Thursday, January 12, 2017

Review of Irish Theatre of Chicago's The Weir

Once upon a time I went to a show and it was called The Weir. It was by Conor McPherson and it was directed by Siiri Scott. It was about a bunch of Irish men--Jack (Brad Armacost), Brendan (Bradley Grant Smith), Jim (Jeff Christian), and Finbar (Dan Waller) who lived out in the middle of nowhere and one day a woman named Valerie (Sarah Wellington) moves to town from Dublin and they decide that they want her to come over to the bar and hang out with them. And they end up telling each other things they never thought they would tell anyone. It is about friendship, trust, and finding comfort in others. I really loved this show. It was funny and moving.

I loved all the spooky tales. Each one moved the plot along so well. It wasn't a long monologue to get a small point across. Each story showed a stage in how the trust grew throughout the entire play, which I thought was cool. At the beginning Jack tells a story about a fairy road and a woman knocking on the door, but by the end they are talking about deeper things like the loss of loved ones. There is also a story that Jim told about being in a graveyard and meeting a pervert. It shows you how comfortable they are getting with each other because it is about something real. Perverts have been confirmed, but fairy roads have not. Valerie story has more baggage--something that sticks with you for your whole life. It is about a completely real thing followed by something that is slightly less believable but is no less emotionally draining. Like when you read a book and you know it is not real, you still feel for the characters. It is real for her. The last story, told by Jack, is really real. There is no supernatural part to it; it is just a normal sad life. I'm still thinking about that monologue because it seems so true. There are people who are very lonely and they didn't mean to be.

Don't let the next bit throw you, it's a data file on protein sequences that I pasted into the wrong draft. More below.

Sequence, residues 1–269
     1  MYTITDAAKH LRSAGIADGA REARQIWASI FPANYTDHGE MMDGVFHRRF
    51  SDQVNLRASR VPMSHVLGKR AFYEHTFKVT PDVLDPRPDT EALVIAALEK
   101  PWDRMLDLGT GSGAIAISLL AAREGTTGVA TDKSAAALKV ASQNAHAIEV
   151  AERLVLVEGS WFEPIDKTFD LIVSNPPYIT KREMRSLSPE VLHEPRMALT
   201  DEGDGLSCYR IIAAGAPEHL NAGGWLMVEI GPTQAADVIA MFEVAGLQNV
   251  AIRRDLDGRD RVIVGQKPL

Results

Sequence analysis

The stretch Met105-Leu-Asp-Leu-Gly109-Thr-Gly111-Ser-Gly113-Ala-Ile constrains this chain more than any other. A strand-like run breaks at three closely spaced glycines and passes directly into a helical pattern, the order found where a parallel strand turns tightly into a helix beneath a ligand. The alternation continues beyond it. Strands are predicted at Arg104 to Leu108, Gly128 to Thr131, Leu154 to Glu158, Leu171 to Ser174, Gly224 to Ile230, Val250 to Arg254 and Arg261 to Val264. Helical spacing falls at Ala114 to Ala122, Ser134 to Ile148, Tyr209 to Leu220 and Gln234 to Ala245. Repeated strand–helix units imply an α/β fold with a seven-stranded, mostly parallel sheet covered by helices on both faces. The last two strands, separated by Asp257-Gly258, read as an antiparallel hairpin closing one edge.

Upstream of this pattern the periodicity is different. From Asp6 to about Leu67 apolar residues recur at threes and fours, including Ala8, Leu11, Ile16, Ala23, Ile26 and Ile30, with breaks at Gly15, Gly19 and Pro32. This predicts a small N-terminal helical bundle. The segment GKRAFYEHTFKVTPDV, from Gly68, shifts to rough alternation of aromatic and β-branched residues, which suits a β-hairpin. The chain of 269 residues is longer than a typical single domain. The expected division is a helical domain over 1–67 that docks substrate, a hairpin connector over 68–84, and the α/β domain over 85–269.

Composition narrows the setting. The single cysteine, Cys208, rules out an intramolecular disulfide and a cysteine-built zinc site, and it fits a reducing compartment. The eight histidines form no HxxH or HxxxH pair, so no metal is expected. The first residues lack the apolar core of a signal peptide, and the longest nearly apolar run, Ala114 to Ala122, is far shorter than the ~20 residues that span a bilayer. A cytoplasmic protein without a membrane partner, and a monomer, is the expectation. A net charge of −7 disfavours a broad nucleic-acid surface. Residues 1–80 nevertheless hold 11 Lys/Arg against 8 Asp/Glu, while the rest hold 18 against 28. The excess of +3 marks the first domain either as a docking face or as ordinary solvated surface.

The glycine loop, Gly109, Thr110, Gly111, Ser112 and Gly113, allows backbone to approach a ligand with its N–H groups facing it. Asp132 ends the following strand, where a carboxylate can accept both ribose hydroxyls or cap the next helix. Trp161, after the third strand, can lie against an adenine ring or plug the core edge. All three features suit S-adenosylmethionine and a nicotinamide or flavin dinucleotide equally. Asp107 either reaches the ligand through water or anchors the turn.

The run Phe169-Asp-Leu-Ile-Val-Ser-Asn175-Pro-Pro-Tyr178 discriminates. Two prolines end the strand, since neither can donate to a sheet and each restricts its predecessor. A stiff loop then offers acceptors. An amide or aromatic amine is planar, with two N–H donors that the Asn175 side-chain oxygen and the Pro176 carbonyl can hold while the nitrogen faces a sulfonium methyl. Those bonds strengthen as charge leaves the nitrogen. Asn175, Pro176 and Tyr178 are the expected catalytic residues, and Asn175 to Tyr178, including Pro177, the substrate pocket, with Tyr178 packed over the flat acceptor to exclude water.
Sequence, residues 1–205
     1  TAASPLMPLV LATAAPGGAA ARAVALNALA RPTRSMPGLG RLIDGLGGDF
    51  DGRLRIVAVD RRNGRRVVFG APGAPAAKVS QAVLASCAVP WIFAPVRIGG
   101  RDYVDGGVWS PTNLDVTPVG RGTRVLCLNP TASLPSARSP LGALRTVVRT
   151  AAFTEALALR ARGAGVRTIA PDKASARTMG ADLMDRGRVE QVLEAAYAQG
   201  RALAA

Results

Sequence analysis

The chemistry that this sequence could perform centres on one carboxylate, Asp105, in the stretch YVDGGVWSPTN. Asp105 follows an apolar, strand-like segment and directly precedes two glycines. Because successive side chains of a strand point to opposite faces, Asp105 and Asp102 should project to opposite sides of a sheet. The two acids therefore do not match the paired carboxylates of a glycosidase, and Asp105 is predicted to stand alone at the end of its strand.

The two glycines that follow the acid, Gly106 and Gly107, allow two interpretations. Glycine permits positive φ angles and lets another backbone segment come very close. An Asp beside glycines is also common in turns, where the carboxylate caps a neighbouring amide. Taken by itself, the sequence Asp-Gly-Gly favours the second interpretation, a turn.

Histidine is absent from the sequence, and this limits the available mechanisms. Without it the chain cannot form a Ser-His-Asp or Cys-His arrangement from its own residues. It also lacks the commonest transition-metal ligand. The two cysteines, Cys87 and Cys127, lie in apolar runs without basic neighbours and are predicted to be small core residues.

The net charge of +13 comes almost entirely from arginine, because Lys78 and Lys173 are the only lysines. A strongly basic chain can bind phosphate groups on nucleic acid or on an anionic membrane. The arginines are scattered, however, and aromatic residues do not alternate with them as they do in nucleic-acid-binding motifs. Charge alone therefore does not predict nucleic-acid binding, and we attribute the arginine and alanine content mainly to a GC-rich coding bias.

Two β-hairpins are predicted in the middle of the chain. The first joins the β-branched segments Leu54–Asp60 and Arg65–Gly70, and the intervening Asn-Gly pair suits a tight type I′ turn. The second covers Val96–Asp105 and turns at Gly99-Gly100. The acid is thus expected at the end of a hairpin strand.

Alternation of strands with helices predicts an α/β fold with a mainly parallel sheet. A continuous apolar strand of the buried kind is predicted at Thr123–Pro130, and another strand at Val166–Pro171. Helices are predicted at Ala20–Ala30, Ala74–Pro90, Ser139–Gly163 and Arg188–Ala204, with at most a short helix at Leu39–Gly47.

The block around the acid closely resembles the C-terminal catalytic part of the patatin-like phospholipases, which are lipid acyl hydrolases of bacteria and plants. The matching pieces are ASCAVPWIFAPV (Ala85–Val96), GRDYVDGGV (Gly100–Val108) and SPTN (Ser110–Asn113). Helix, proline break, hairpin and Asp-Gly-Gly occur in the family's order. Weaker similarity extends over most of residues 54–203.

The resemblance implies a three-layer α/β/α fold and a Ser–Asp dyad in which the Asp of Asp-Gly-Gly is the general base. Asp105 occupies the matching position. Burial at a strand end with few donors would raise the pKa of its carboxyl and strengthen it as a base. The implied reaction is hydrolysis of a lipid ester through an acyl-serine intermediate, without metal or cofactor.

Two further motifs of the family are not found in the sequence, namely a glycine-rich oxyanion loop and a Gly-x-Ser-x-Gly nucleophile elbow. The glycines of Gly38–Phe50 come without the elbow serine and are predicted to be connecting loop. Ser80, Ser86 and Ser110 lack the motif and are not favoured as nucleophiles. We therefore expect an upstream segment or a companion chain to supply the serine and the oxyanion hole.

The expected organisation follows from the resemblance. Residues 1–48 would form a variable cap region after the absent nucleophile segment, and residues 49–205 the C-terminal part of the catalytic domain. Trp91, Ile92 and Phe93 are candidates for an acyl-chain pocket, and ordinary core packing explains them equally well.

Even though there were a lot of sad moments, there were also some really hilarious moments. Valerie was seen to be a classy lady and she didn't really want a beer, so she asked for wine. It made everybody laugh hysterically; they were like "Do we really seem like people who would have wine around?" They try to seem like they do anyway. Brendan goes and gets wine from the house, which was hilarious because I think she would have been fine with a beer. And then the wine isn't good anymore, so she pretends to drink, which is funny. She's just trying not to be a jerk. There was this running gag where every time someone would have a drink, Brendan would start pouring the drinks, and his friends would say, "Will you have a drink?" and he would say, "Just a small one" and then pour himself a giant amount, which I thought was very funny. And it was also kind of hilarious the amount that they drank. I think one of them had at least 10 drinks in like an hour and a half. You would think they would make worse decisions, but I think they made better ones, like to be nicer to each other and help out Valerie.

Before Jack and Brendan and Jim meet Valerie, she is like an object of desire. They think she might have an affair with Finbar, which they don't want because he's married and they want Valerie to be with Brendan because he seems pretty lonely, being the owner of a bar and all. But I think it is great the way the author went with her, making her an actual feasible character and not just an object of desire. It is really interesting to see the difference between how they talk about her and how they treat her when she is in the room. I was worried at first that she was going to get harassed, which gave a great amount of tension to the room. But then it makes you feel better about the male characters when they treat her with civility and then as a friend.

People who would like this show are people who like spooky stories, deep friendships, and drinking a lot. I thought this was a really great show. I found it really intriguing. Even though it was a show that was all talking, it wasn't at all boring. There wasn't a moment I wasn't engaged.

Photos: Emily Schwartz

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